Haitian Women and Girls Trading Sex to Survive
Groups Release Report Analyzing Sexual Exploitation

January 12, 2012—New York, NY—Two years after an earthquake devastated Haiti, a report detailing the impact of sexual exploitation on displaced Haitian women and girls has been released. The report is authored by MADRE, the Commission of Women Victims for Victims (KOFAVIV), the International Women’s Human Rights (IWHR) Clinic at the City University of New York (CUNY) School of Law, the Global Justice Clinic at NYU School of Law (GJC) and the Center for Gender & Refugee Studies at UC Hastings College of the Law (CGRS).

The drastic increase in sexual violence in displacement camps has been well documented since the disaster. But another face of the epidemic has emerged as a pressing issue: the sexual exploitation of displaced women and girls.

Displaced women and girls have lost family and community members, along with the protection and safety nets those relationships offered. Because of poverty and a lack of economic opportunity, many women and girls are forced to trade sex for shelter, money or even a single meal. In many cases, those demanding sex are the very people who hold themselves out as representatives of the people—members of camp committees.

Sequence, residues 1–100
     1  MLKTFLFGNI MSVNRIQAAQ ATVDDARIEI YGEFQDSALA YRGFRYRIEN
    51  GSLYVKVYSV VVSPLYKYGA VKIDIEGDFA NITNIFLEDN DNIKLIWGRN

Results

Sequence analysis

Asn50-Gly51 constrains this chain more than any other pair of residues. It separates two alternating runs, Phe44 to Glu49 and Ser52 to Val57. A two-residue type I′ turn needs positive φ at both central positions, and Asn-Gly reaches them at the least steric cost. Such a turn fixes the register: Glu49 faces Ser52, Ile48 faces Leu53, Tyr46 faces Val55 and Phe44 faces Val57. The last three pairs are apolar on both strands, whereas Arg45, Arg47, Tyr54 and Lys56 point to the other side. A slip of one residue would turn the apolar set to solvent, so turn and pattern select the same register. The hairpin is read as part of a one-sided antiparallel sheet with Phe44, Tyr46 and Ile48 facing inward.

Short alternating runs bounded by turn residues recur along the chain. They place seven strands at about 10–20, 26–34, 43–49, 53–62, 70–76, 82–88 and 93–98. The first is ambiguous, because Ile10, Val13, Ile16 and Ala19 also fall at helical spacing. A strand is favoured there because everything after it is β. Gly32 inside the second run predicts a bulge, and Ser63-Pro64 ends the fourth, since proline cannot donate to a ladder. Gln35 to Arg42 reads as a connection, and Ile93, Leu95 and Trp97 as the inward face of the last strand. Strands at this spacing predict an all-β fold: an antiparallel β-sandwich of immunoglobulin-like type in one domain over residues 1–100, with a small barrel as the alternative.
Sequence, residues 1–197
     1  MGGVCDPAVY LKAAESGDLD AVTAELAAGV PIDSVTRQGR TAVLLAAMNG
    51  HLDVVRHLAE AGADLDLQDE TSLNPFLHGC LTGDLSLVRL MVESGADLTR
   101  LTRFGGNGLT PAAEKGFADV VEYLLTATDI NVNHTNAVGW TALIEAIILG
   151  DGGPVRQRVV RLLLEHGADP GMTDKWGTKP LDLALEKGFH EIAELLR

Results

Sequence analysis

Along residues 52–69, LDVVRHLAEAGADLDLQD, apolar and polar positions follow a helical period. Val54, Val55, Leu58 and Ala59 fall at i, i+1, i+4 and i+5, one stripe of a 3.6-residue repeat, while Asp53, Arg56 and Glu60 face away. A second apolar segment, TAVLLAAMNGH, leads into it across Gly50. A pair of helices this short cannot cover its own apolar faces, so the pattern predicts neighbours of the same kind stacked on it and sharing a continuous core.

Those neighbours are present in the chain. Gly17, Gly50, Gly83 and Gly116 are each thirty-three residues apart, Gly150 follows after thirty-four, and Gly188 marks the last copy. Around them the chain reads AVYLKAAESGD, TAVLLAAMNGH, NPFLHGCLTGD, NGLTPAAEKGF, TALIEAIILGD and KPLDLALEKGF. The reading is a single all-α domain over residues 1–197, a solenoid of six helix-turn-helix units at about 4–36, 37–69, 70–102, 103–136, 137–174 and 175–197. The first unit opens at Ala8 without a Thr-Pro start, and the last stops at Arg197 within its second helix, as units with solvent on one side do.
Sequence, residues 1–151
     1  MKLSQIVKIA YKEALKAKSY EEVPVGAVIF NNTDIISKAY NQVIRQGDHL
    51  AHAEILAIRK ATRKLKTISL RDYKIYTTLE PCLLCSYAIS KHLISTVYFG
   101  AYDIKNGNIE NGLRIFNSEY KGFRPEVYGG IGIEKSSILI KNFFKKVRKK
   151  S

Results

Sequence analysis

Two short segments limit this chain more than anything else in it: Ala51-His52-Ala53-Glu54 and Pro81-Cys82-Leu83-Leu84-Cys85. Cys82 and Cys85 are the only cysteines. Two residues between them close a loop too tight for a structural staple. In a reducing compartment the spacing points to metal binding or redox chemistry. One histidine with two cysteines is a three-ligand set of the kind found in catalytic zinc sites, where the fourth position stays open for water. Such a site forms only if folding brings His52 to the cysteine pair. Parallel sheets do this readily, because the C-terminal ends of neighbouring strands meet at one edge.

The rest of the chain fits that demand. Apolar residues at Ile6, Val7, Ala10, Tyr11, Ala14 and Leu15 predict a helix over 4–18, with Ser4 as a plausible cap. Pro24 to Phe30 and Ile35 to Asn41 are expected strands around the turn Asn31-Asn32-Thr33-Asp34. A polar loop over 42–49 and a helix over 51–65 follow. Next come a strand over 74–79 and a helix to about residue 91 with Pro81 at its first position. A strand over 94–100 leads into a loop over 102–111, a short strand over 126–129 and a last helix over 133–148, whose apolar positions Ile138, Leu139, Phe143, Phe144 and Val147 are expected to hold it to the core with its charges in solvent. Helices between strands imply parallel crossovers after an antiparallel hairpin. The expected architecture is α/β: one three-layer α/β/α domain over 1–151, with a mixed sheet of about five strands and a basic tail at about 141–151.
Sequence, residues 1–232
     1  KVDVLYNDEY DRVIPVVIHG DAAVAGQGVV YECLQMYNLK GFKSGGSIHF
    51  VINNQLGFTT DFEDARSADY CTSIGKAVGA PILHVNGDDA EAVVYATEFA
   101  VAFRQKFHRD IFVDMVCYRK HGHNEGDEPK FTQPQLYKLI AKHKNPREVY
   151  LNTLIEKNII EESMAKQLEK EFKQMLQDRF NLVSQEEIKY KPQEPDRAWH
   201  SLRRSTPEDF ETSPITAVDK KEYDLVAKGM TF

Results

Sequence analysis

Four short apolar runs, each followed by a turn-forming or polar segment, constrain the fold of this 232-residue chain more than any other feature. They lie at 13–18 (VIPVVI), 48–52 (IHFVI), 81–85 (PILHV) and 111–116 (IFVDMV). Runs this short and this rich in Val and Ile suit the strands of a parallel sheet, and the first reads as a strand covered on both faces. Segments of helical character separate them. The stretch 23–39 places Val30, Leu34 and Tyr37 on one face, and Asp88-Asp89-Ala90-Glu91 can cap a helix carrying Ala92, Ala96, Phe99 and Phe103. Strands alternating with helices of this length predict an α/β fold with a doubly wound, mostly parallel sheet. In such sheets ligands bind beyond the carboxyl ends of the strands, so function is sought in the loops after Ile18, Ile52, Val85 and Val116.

The report was compiled based on interviews with Haitian women and girls who have either engaged in transactional sex or who know people who have. Information was also collected through interviews with Haitian government officials, service providers and women’s rights advocates. The report highlights current barriers to addressing sexual exploitation and offers recommendations to protect the human rights of women and girls engaging in transactional sex. In addition, the report offers a unique legal analysis of the protections available for women and girls who have experienced a wide range of human rights violations associated with sexual exchanges.

Marie Eramithe Delva, co-founder of KOFAVIV said today, “Displaced women and girls are being forced by circumstance into survival sex. It is an epidemic, but one that has gotten little attention from the Haitian government or international community.”

Lisa Davis, MADRE Human Rights Advocacy Director and Clinical Professor of Law for the IWHR Clinic at CUNY Law School said today, “International law recognizes that an individual’s decision to engage in sex should be the result of free choice. The majority of women and girls interviewed do not have a choice. They are displaced and with few other options. In turn, they are at increased risk of sexual violence and health threats. We must shed light on this crisis.”